Now we all know that the quads are some pretty large muscles, and while they can generate some pretty powerful movements, they also burn up a serious amount of oxygen. So, if you are generating a lot of power and burning a ton of oxygen, but aren’t getting much benefit from it (propulsion) why wear yourself and your legs out? This, in my opinion, why the 2 beat kick is so important to learn if you are doing triathlons or swimming long distances.

Alright, so lets take a look at the two types of kick. First off, take a look at Michelle’s freestyle. She has a great stroke and has really improved over the last 2 seasons.  In the video, she is swimming a little faster than 1:20 per hundred yards and quite comfortable. Clearly no slouch. Pay attention to the kick.

Now, take a look at a two beat kick. In this clip I am swimming about 1:12 per hundred yards.

The differences are pretty subtle between the two strokes top to bottom, but Michelle has a 4 beat and I have a 2 beat. Who looks like they’re spending more energy?

This goes back to another point I tend to talk about. A more efficient swim will not only make you a faster swimmer, but make you a faster cyclist because you are much fresher coming out of the water.

A lot to think about here, but hop in the pool and give it a try. So, at what level of a swimmer should you try to work on getting into a 2 beat kick?  I think you should learn it from the start. It seems like breaking the habit of the 4 beat kick is like quitting smoking, based on the swimmers I help.

Good Luck and let me know if I can help.

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  • Kenny DellaValle

    I stumbled on to your blog here and I couldn’t tear myself away. Great articles, very well written, very informative. My only complaint is that i wish there were many more to read 🙂 Thanks for all the great info.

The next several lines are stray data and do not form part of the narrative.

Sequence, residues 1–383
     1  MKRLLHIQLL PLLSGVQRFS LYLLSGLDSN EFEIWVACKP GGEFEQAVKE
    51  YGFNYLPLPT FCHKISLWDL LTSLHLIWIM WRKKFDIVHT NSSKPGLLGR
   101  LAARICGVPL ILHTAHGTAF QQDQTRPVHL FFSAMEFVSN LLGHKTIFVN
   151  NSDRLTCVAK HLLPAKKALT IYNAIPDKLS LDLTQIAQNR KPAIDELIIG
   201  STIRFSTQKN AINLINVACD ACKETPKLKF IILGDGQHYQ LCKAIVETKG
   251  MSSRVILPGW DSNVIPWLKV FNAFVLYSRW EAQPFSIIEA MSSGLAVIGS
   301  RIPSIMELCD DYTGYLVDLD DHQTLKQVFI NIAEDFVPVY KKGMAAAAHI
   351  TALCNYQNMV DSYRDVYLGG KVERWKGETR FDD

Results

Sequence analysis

• Thanks for great content, I am going to test this technique out this weekend. Swim is definitely my weak point, so I am excited to implement new methodology.

  • Excellent post! I typed “two-beat kick” in google and this came up on the very top of the list. The two videos are great and I don’t think this technique can be explained any better than in your post.

    I’ve been swimming the two-beat kick for about a year now and I find it a lot more efficient than the six-beat (same speed, much less effort). Moreover, there’s this nice, “gliding” sensation to it.

  • Hi,

    Excellent article. I am a new swimmer, but my kids are competitive and the coach explained the two beat kick to me the other day, but her English is not great so I was sure what she was saying! However this is a spot on article which explains it very well and I’m ready to try it out tomorrow lunchtime.

    The videos really help to reinforce the point as well.


  • Many swimmers I have come across during my swimming days were “top heavy” in the sense that they had a great pull, but their kick would resemble an open pair of scissors floating behind them. It’s so easy to focus on just your pull. This post reinforces the point that you have to remember to kick for more reasons then just propulsion– your kick helps you maintain a straighter angle in the water, keeps you balanced, and more.